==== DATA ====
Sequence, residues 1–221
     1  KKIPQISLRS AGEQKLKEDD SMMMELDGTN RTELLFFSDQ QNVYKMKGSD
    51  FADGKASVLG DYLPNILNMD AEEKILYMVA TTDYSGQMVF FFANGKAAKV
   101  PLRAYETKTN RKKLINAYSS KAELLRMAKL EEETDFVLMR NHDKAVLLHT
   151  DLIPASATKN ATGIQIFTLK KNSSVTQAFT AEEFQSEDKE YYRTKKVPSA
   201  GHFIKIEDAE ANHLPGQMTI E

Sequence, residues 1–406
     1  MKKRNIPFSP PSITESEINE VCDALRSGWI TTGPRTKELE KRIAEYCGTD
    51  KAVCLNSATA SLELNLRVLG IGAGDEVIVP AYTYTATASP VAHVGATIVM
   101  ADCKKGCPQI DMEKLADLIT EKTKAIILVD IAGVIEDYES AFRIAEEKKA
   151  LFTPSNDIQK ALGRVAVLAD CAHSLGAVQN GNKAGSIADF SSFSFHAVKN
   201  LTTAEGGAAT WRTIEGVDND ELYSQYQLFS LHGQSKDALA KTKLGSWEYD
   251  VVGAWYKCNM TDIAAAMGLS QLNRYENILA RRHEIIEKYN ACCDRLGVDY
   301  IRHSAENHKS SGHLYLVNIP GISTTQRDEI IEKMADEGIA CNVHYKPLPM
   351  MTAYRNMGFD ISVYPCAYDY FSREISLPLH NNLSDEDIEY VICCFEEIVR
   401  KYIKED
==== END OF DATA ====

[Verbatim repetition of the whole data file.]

Sequence, residues 1–221
     1  KKIPQISLRS AGEQKLKEDD SMMMELDGTN RTELLFFSDQ QNVYKMKGSD
    51  FADGKASVLG DYLPNILNMD AEEKILYMVA TTDYSGQMVF FFANGKAAKV
   101  PLRAYETKTN RKKLINAYSS KAELLRMAKL EEETDFVLMR NHDKAVLLHT
   151  DLIPASATKN ATGIQIFTLK KNSSVTQAFT AEEFQSEDKE YYRTKKVPSA
   201  GHFIKIEDAE ANHLPGQMTI E

Sequence, residues 1–406
     1  MKKRNIPFSP PSITESEINE VCDALRSGWI TTGPRTKELE KRIAEYCGTD
    51  KAVCLNSATA SLELNLRVLG IGAGDEVIVP AYTYTATASP VAHVGATIVM
   101  ADCKKGCPQI DMEKLADLIT EKTKAIILVD IAGVIEDYES AFRIAEEKKA
   151  LFTPSNDIQK ALGRVAVLAD CAHSLGAVQN GNKAGSIADF SSFSFHAVKN
   201  LTTAEGGAAT WRTIEGVDND ELYSQYQLFS LHGQSKDALA KTKLGSWEYD
   251  VVGAWYKCNM TDIAAAMGLS QLNRYENILA RRHEIIEKYN ACCDRLGVDY
   301  IRHSAENHKS SGHLYLVNIP GISTTQRDEI IEKMADEGIA CNVHYKPLPM
   351  MTAYRNMGFD ISVYPCAYDY FSREISLPLH NNLSDEDIEY VICCFEEIVR
   401  KYIKED